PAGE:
After long back-and-forth discussions, the Chairwoman closed “the list” (meaning, no more delegations could ask for the floor other than those who had already “flagged up”). The last two delegations to speak were the INGOs Consumers International and the NHF, with once again the NHF being the last to speak.
Reconstructed from my notes, my final comments for NHF on the ractopamine MRLs were as follows: “Thank you, Madame Chairwoman. We appreciate the opportunity to speak. Ractopamine is a drug that has as part of its warning labeling the following statements: ‘Not for use in humans. Individuals with cardiovascular disease should exercise special caution to avoid exposure. Use protective clothing, impervious gloves, protective eye wear and a NIOSH-approved dust mask.’ How does such a drug become ‘safe’ in human food? And with no washout period? With all due respect to JECFA, and the utmost respect, JECFA puts on its pants one leg at a time just like the rest of us. They are not God. They are not perfect. There is enough other science—certainly the research conducted by China among others—to raise considerable doubts about the safety of ractopamine. There are 160 countries that have banned this drug and it has not been without reason. In fact, this draft standard should not have even reached the Commission level since the Chinese delegates to the Committee meeting were denied visas and could not even attend the meeting that led to its reference at Step 8 to this Commission! We, therefore, support the comments of the Chinese, EU, Russian and Norwegian delegates, and urge that this Commission not accept these MRLs. Thank you.”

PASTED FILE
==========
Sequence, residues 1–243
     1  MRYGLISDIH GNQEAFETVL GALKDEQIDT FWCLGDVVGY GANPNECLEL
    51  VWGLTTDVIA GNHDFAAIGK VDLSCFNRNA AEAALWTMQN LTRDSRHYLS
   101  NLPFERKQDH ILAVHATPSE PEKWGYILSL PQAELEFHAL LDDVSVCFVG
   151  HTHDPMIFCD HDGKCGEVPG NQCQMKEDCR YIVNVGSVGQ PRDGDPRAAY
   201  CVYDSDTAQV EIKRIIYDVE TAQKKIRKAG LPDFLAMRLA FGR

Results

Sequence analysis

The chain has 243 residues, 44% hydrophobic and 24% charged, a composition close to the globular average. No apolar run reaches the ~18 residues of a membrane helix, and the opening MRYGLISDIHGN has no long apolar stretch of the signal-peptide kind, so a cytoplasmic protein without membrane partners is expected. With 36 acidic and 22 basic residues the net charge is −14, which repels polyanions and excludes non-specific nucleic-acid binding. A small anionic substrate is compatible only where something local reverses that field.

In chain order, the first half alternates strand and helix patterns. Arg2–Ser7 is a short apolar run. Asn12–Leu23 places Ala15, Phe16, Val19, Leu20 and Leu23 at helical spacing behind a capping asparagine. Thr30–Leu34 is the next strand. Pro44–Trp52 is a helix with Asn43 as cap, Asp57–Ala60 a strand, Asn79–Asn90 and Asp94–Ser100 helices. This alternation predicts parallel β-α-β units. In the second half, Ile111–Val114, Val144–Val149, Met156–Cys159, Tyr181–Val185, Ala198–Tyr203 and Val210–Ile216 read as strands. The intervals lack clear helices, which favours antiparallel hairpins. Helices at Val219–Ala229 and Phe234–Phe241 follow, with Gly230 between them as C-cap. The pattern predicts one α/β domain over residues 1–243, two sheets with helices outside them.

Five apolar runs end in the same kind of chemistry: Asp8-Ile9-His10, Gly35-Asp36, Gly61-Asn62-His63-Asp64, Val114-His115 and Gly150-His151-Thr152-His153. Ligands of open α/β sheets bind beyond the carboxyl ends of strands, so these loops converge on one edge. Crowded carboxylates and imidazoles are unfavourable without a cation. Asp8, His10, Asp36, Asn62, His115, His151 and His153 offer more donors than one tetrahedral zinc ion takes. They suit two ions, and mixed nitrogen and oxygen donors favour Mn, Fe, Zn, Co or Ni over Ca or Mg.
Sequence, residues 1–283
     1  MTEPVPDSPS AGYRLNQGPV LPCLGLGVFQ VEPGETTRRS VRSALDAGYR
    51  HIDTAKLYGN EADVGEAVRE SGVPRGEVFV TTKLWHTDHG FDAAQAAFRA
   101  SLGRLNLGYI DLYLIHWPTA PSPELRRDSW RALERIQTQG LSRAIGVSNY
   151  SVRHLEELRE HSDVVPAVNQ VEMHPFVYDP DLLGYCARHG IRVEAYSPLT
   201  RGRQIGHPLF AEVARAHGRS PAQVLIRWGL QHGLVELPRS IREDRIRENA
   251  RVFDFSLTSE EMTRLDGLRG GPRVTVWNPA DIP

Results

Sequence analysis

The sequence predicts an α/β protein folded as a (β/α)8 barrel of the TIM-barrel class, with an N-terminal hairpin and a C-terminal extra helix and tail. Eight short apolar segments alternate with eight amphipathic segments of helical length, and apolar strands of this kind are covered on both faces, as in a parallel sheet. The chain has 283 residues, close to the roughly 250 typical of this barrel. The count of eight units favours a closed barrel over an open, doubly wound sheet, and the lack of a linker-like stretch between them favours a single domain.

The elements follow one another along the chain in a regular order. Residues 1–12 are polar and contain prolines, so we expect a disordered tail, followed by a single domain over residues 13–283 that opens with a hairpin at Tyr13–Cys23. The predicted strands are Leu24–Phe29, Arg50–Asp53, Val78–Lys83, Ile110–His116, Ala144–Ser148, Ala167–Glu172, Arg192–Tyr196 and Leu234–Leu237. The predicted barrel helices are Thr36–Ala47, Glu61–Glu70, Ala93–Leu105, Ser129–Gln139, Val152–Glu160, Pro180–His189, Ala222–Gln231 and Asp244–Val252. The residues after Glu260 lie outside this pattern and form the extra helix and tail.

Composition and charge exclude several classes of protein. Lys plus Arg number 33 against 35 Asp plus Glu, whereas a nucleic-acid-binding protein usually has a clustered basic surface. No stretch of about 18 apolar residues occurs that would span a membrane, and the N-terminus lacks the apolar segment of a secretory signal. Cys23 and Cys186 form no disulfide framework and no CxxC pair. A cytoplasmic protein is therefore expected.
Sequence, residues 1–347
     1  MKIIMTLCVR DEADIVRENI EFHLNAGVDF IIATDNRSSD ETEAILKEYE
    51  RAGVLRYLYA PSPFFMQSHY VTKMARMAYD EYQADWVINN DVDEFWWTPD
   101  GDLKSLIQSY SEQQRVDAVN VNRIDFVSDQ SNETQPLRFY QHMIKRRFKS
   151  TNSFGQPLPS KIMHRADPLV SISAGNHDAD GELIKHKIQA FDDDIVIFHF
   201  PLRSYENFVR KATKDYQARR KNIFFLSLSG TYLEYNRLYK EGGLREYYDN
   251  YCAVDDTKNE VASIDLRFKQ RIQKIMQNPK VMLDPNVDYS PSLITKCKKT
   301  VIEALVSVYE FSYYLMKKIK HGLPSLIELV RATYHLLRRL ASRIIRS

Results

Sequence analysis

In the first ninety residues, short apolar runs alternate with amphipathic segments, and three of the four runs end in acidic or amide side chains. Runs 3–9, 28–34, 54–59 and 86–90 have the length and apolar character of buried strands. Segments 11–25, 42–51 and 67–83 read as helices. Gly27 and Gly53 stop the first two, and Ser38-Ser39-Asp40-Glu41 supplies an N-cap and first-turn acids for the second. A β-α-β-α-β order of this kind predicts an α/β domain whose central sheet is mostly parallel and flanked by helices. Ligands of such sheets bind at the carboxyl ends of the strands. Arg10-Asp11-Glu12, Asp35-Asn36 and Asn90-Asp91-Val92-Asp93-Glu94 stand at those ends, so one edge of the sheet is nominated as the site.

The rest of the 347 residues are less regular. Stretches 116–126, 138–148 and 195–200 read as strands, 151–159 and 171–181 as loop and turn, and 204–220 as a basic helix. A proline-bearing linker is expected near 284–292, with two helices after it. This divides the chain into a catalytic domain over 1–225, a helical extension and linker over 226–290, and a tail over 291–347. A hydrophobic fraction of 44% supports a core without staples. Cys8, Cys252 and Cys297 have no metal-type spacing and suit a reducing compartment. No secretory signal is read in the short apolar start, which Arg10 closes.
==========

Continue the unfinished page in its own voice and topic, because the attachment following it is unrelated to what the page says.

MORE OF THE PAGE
With that and the discussion concluded, Hulebak declared that this ractopamine standard “would be held at Step 8 with a plan to try to work for a solution.” 11 She did, however, pull an ace out of her deck by announcing that she was invoking the “Friends of the Chair” procedure that would come up with compromise language within one year. She then shamelessly stacked the deck by weighing it heavily with “Friends of Ractopamine” members. Out of the 13- member “Friends of the Chair” only four are opposed to ractopamine MRLs: the European Union, China, Norway and Consumers International. Nine support the drug MRLs’ adoption: Japan, Brazil, Mexico, the United States, Canada, Ghana, South Africa, the International Federation for Animal Health and the lastminute addition, Tunisia.
In an almost slapstick-comedy routine, tag-along Tunisia only raised its flag and requested being added into the “Friends of” group after the Jordanian delegate dashed over to the Tunisian delegate and whispered something into his ear. Tunisia’s hand then quickly shot up to be recognized. Obviously fearing the sufficiency of the already lop-sided 2-to-1 odds in their favor, the pro-ractopamine forces wanted yet another voice on their side.